Dr. Nadia Azar
Phone: (519) 253-3000 ext: 2473
Office: HK Building, Room 111
MS, Wayne State University, Biomedical Engineering
MHK, University of Windsor, Occupational Biomechanics
BHK, University of Windsor, Movement Science
My primary background and research training is in occupational biomechanics and biomedical engineering (with concentrations in biomechanics and neurophysiology). The choice of which research area to specialize in was a difficult one for me, because I am interested in so many different subjects! I love searching for the common threads between disciplines, and seeing how elements from one domain influence or mesh with those of another. The research process is fascinating to me, regardless of the specific questions under investigation. As a result, most of my projects have integrated theory from multiple disciplines within kinesiology, and often from biology and engineering.
My current research has me combining my roots in occupational biomechanics and neurophysiology with my love of music (especially rock music) to study drummers. The drum set is arguably the most physically intense instrument to play, which leads to lots of interesting questions about drummers' athleticism, performance, and injuries. My current projects examine drumming performance from the following perspectives:
- Drummers as athletes
- Examining the biomechanics and motor control of novice vs. skilled drummers
- Documenting drummers’ energy expenditure during live performances
- Drummers as workers
- Documenting the prevalence and patterns of playing-related musculoskeletal pain & problems (PRMPs) in drummers
- Determining the playing-related and lifestyle characteristics that put drummers at risk for, or protect them from, PRMPs
My overall goal is to do for drummers what sport science is doing for athletes: I want to help them play better, faster, and stronger while avoiding injuries. This work has been featured nationally on CBC Radio, and internationally on Drum Talk TV, David Aldridge’s Drumming Blog, and the University of Windsor YouTube Channel.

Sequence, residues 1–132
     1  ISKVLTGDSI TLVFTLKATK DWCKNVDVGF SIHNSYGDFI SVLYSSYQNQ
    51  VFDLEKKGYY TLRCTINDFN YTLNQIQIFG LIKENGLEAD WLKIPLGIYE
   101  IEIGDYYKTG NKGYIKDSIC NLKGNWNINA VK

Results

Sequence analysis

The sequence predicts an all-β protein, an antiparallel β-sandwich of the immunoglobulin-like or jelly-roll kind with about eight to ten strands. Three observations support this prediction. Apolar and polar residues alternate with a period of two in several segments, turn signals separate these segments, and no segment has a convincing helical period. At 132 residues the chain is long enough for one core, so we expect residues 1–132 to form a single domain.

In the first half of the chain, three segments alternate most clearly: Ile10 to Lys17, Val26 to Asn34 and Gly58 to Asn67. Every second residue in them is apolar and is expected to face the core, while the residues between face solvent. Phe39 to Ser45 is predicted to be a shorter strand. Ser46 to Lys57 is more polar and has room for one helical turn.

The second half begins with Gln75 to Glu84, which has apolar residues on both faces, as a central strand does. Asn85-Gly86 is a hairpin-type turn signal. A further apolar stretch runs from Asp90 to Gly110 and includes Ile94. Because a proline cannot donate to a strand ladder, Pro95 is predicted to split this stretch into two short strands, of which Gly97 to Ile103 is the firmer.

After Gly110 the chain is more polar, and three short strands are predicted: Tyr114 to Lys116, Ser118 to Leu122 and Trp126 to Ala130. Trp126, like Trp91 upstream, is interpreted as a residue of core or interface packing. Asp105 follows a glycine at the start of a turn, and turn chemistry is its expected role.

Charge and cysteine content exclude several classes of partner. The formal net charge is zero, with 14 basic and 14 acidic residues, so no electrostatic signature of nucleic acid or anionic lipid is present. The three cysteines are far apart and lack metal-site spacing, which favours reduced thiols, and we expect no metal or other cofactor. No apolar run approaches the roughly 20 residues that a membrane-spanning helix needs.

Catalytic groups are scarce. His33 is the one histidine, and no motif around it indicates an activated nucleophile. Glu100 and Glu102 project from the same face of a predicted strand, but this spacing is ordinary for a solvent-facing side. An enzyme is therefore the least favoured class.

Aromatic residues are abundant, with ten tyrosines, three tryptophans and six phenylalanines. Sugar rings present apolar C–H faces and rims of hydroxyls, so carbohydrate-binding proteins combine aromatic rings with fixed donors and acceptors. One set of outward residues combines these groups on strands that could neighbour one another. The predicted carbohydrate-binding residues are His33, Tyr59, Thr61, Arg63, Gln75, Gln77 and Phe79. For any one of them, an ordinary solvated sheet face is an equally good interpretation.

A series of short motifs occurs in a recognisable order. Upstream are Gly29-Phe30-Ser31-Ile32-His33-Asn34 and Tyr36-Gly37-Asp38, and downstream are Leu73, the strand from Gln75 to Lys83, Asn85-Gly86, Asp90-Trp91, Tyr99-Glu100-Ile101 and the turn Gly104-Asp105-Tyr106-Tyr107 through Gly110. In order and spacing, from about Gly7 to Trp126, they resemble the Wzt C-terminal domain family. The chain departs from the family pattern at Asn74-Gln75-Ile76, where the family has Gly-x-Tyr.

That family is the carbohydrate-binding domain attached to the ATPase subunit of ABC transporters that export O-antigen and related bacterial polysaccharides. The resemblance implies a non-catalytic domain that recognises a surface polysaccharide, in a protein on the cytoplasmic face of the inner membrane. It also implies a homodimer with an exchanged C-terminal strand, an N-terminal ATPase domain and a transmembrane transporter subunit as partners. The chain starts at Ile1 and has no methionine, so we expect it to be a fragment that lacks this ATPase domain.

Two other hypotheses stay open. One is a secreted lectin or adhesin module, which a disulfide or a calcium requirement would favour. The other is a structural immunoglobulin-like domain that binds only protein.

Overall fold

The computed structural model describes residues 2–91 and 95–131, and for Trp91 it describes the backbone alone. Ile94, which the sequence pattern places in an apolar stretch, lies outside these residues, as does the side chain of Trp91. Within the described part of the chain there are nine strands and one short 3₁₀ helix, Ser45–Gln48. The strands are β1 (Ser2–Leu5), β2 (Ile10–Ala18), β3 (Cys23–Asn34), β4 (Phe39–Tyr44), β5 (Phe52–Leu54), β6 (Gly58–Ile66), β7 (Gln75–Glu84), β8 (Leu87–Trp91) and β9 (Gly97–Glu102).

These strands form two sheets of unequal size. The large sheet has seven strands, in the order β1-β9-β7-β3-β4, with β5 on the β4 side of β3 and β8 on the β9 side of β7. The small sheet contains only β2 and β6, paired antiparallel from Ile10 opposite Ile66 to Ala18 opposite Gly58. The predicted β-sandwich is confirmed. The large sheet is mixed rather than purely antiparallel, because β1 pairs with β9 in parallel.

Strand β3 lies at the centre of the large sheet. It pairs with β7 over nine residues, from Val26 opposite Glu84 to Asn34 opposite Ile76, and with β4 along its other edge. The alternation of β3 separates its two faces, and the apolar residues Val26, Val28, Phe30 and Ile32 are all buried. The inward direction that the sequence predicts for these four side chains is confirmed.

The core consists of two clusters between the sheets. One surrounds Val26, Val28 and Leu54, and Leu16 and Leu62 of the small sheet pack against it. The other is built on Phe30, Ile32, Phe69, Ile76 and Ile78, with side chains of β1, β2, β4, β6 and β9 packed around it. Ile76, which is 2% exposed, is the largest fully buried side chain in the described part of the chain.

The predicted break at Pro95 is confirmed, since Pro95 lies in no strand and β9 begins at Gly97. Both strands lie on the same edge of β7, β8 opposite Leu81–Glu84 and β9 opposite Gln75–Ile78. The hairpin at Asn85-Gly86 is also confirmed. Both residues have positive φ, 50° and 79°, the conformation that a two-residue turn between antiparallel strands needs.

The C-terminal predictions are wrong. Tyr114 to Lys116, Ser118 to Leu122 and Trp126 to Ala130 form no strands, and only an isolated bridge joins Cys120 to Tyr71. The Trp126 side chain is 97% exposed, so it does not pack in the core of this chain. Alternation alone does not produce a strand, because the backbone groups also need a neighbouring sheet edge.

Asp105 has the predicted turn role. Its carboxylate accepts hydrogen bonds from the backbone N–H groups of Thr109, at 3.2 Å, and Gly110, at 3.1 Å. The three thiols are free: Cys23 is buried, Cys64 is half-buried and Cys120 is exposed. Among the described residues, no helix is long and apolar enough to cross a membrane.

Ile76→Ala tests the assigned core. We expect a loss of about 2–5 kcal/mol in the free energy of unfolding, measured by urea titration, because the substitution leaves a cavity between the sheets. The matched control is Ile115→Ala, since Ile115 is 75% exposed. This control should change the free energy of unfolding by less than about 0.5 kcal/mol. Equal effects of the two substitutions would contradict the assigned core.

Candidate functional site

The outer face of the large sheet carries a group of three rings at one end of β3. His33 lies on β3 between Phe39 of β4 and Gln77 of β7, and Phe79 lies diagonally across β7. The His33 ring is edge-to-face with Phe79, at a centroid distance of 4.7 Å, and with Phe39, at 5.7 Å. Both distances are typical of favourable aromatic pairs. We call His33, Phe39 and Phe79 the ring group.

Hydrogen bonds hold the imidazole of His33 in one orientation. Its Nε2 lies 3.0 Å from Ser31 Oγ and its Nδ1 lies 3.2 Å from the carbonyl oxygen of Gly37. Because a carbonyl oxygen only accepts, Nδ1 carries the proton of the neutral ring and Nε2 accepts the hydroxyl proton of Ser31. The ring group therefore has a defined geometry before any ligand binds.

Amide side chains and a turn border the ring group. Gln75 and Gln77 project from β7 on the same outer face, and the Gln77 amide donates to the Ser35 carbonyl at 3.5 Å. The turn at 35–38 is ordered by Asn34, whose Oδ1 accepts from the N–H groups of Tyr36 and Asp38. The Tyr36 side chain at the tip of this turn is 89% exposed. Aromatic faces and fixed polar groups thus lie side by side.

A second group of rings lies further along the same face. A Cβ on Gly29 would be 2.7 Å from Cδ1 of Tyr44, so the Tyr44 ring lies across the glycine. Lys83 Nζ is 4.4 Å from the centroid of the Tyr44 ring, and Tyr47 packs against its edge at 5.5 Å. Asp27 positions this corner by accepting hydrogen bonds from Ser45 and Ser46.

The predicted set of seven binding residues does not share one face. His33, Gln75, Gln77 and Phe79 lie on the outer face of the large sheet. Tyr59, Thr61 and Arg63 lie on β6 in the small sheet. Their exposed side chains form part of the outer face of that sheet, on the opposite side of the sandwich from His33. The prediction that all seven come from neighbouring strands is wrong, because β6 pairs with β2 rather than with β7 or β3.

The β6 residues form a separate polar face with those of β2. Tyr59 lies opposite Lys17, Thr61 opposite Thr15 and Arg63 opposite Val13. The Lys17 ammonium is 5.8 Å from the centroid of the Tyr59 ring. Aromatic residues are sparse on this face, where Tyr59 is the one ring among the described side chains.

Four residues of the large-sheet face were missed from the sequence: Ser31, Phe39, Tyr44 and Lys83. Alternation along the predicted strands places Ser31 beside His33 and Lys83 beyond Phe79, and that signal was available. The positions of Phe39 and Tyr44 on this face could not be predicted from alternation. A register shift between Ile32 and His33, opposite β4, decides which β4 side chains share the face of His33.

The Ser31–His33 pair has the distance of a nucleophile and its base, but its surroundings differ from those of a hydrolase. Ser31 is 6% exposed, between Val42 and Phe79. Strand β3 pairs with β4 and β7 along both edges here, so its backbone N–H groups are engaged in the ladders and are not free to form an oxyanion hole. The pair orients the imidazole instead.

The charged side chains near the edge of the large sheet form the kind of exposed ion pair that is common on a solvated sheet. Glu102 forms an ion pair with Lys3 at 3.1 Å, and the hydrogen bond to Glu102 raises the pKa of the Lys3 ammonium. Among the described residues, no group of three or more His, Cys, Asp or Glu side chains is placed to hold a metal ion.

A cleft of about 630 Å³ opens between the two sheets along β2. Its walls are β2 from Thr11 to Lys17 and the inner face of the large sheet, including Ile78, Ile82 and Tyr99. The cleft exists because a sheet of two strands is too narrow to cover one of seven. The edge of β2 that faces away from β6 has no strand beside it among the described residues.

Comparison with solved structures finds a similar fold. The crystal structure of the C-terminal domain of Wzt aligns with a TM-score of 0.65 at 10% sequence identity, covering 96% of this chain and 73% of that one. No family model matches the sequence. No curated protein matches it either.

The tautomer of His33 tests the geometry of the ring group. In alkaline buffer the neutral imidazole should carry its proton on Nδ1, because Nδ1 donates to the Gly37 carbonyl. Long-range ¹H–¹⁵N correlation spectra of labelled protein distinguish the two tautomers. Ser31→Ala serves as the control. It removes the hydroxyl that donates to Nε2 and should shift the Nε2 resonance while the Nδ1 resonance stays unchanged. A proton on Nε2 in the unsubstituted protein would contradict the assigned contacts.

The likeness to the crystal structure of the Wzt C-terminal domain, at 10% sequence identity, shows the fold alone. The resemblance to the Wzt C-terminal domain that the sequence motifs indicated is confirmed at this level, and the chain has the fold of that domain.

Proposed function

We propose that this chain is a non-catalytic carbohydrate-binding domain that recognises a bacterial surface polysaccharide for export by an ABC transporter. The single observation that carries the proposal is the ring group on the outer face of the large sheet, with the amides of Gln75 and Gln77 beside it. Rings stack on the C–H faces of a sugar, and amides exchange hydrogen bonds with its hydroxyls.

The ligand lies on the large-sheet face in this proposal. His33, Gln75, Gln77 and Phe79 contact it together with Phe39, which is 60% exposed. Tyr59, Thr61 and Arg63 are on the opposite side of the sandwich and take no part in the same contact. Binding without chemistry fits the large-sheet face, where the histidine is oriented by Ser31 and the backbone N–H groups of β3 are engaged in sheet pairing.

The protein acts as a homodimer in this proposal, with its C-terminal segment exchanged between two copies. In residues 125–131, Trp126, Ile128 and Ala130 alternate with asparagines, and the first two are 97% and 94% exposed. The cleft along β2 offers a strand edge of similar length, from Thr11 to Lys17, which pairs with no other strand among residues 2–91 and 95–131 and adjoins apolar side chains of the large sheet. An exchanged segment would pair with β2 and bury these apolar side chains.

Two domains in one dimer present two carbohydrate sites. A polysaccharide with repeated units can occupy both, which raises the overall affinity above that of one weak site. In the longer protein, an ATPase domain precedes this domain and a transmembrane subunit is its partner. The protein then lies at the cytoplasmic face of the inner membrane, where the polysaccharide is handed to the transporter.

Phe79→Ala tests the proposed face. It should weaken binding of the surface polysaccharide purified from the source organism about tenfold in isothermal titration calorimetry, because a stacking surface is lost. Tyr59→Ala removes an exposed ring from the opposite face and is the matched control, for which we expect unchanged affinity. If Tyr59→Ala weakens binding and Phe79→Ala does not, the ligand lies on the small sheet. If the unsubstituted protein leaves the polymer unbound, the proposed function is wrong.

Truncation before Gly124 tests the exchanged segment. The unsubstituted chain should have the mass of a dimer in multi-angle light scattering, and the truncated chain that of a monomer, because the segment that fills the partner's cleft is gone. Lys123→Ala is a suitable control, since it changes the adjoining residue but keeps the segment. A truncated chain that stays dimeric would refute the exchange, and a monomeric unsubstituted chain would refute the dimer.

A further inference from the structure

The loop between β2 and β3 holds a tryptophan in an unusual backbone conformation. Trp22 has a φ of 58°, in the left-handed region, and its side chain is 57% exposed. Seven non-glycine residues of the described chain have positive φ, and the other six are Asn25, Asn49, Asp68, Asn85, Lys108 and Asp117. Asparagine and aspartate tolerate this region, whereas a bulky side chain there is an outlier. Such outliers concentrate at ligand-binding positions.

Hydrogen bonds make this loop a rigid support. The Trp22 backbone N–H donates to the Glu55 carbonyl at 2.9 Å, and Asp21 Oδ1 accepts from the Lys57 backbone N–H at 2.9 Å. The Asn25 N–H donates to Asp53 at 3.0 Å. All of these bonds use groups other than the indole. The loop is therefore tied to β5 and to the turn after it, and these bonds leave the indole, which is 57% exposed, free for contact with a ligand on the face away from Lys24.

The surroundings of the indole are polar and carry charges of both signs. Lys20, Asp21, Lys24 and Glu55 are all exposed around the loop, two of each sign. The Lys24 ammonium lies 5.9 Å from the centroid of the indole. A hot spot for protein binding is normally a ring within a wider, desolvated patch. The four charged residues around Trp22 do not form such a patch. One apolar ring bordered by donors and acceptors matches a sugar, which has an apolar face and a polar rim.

For the last several years, I have also been working with my colleagues Chad Sutherland and Sean Horton to deliver adapted physical exercise (APEX) programming for adults with autism spectrum disorder and an intellectual disability (ASD-ID), and for adults with multiple sclerosis. Through our combined expertise, along with several highly-talented graduate and undergraduate students, we have been able to examine the impact of participation in APEX in these groups from multiple perspectives (e.g. physical fitness, motor control, quality of life, social inclusion/bystander effects), using a combination of quantitative and qualitative research methods. Adults with ASD-ID are an under-serviced and under-researched group, so it’s particularly exciting to be working at the forefront of a new research area and generating knowledge that may ultimately help shape policy and service delivery. It’s also extremely rewarding to see the immediate impact our research has on our participants and our program staff alike.
Students interested in getting involved in these projects can email me for information about volunteer/internship opportunities and graduate supervision (firstname.lastname@example.org).
Recent Research Funding
- Ontario Trillium Foundation Grow Grant with Community Living Essex County (2016-2019)
- Southern Network of Specialized Care (2016)
- Mitacs-Accelerate Graduate Research Internship (2015)
- Developmental Disabilities Division, Schulich School of Medicine and Dentistry (2014)
- Canada Foundation for Innovation John R. Evans Leaders Fund – Funding for research infrastructure / Fonds des leaders John-R.-Evans – Financement de l'infrastructure de recherche (2013-2018)
- University of Windsor Strategic Priorities Fund (2013-2014)
- Kinesiology Research Seed Grant (2013-2014)
Underlined names indicate student co-authors
Bested S, Carr K, Sutherland CA, Horton S, Azar NR. Improving motor control in adults with autism spectrum disorder and an intellectual disability: Preliminary results from an adapted physical exercise intervention. Journal of Autism and Developmental Disorders, under review.
McAllister RJ, Carr K, Sutherland CA, Azar NR, Horton S. Community exercise program for adults with autism spectrum disorder and intellectual disability: Program bystander perceptions. Journal on Developmental Disabilities, in press.
Azar NR, McKeen P, Carr K, Sutherland CA, Horton S, 2016. Impact of motor skills training in adults with autism spectrum disorder and an intellectual disability. Journal on Developmental Disabilities 22(1), 28-38.
Carr K, McKeen P, Daabous J, Azar NR, Horton S, Sutherland CA, 2015. Reliability of the Jebsen Test of Hand Function among adults with autism and an intellectual disability. Journal on Developmental Disabilities 21(1), 52-60.
Azar NR, Iley T, Godin CA, Callaghan JP, Andrews DM, 2014. Three-dimensional peak and cumulative shoulder loads and postures during non-occupational tasks. WORK: A Journal of Prevention, Assessment, & Rehabilitation 47(1), 73-86.